If these plasma cells become cancerous however, they rapidly increase in number, taking over the bone marrow and producing a massive amount of an abnormal antibody which can cause a whole array of problems. This increase in antibody levels in the bloodstream can be measured with a blood test and is also used to monitor the response to treatment.
What are the symptoms of myeloma?
The abnormal plasma cells in the bone marrow overwhelms the normal bone marrow which most commonly leads to an inability to produce enough red blood cells. This is called anaemia. Symptoms of anaemia are related to the body’s inability to carry sufficient oxygen to your organs and include worsening fatigue, shortness of breath and dizziness.
The abnormal plasma cells also have the ability to weaken your bones. This can either be a generalized loss of bone strength (called osteoporosis), or it can lead to numerous holes being eaten in your bones. This can be seen on an X-Ray or other types of scans. It often results in significant bone pain or even worse, severe fractures with minimal- or even no trauma at all.
Bones are rich in calcium, and if they are being eaten away, their calcium content is released into the bloodstream causing an elevated blood calcium level. This can lead to dehydration, kidney failure and numerous other symptoms.
As mentioned before, the plasma cells in the bone marrow releases a massive amount of abnormal antibodies into the bloodstream. They can clog up your kidneys and cause significant- and often irreversible kidney failure. This can seriously complicate the management of the disease.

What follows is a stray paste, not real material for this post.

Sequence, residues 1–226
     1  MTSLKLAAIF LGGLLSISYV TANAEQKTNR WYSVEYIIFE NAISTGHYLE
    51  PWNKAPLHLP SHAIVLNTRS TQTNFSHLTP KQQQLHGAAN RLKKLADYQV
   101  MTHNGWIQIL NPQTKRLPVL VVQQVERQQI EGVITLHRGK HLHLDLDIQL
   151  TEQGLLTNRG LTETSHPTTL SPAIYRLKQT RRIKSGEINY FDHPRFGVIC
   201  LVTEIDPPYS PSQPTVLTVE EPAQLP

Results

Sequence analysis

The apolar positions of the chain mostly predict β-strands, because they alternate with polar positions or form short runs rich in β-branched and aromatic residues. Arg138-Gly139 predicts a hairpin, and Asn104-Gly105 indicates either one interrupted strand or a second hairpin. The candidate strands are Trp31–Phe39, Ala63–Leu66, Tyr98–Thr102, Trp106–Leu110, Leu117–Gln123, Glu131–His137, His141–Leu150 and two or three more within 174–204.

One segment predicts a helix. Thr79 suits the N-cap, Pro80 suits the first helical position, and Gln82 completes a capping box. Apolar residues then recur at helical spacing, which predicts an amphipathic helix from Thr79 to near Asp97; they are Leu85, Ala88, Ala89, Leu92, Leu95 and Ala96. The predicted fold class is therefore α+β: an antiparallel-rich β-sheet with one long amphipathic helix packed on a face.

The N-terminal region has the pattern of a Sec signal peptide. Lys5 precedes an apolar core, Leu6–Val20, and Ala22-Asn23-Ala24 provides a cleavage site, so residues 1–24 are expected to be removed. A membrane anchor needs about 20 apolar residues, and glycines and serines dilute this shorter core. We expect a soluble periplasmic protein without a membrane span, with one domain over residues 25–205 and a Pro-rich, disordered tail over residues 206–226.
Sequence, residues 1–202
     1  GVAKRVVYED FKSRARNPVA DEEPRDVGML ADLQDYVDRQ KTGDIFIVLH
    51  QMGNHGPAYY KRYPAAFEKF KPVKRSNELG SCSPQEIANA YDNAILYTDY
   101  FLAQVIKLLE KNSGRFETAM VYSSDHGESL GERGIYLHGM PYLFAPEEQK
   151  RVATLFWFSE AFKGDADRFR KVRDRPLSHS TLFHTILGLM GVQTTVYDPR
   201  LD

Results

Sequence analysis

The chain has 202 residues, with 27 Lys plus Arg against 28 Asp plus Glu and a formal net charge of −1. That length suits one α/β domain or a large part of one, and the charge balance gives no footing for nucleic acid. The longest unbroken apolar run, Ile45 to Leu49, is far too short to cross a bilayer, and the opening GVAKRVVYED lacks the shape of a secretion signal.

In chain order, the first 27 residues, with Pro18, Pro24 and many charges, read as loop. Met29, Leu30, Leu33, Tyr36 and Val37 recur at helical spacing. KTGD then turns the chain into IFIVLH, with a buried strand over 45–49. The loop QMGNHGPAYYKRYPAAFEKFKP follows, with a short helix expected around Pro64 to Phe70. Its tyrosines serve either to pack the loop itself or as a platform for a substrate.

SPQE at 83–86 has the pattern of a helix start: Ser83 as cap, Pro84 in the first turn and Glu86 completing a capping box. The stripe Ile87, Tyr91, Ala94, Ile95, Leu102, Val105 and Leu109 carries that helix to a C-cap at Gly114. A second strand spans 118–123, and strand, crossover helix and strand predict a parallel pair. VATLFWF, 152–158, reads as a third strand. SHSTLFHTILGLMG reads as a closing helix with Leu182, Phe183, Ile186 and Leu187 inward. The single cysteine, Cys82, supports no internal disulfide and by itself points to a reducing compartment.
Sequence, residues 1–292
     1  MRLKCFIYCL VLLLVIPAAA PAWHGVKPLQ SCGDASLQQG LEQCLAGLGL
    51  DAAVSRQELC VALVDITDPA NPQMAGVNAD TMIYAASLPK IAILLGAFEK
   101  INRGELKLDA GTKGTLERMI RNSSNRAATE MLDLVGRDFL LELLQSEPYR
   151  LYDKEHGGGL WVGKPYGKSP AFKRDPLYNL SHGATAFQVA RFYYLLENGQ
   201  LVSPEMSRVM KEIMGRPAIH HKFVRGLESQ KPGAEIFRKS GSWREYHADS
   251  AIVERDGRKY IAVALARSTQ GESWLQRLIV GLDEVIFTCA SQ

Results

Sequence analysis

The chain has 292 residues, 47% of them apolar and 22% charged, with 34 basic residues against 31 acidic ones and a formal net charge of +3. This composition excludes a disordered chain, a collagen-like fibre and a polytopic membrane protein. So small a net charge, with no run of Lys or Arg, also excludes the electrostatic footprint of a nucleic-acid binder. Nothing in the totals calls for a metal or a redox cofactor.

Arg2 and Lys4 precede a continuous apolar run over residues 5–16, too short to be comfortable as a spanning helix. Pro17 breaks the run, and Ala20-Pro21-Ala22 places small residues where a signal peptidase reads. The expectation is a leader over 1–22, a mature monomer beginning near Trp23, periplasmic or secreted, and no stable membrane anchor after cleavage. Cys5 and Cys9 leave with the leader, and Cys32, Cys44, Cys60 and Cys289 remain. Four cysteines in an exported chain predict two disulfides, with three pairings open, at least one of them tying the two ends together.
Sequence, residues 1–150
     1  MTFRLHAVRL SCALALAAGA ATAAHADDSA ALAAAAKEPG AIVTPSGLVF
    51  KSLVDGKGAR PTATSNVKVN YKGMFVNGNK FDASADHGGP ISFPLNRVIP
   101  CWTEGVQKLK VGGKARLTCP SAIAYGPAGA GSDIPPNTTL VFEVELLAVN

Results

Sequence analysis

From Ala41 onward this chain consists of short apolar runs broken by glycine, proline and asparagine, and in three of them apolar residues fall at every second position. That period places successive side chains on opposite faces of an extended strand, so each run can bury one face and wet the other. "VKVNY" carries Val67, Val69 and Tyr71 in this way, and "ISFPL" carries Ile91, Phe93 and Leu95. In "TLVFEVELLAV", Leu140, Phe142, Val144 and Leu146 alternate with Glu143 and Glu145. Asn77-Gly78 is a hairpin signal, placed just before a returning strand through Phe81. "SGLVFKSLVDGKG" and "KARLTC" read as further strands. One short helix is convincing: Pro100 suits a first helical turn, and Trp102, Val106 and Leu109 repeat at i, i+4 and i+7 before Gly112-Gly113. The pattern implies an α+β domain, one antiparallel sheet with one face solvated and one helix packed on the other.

These are by far the most common features of myeloma:
Anaemia, bone lesions or fractures, hypercalcaemia and kidney failure. There are numerous other symptoms which can occur, albeit less common.
Is myeloma treatable?
Myeloma is indeed a treatable condition, but there are a couple of important treatment principles to understand.
For most people, myeloma is not a curable disease. It can, however, be carefully managed and the aim of treatment is to provide a good quality of life for as many years as possible. No patient’s disease is the same and where we sometimes have patients with myeloma living in excess of ten years after being diagnosed, other patients are unfortunately less fortunate and have a form of the disease that is resistant to treatment which can take its toll after only a couple of months.
We perform DNA-tests on the cancer cells and look at various other blood results in an attempt to identify those patients with high-risk disease, who potentially need more intense treatment than others.
The goal of treatment is to destroy as many abnormal plasma cells in the bone marrow as possible. This leads to recovery of the normal bone marrow and minimises the risk of any further complications, giving the body a chance to recover from any complications caused prior to treatment.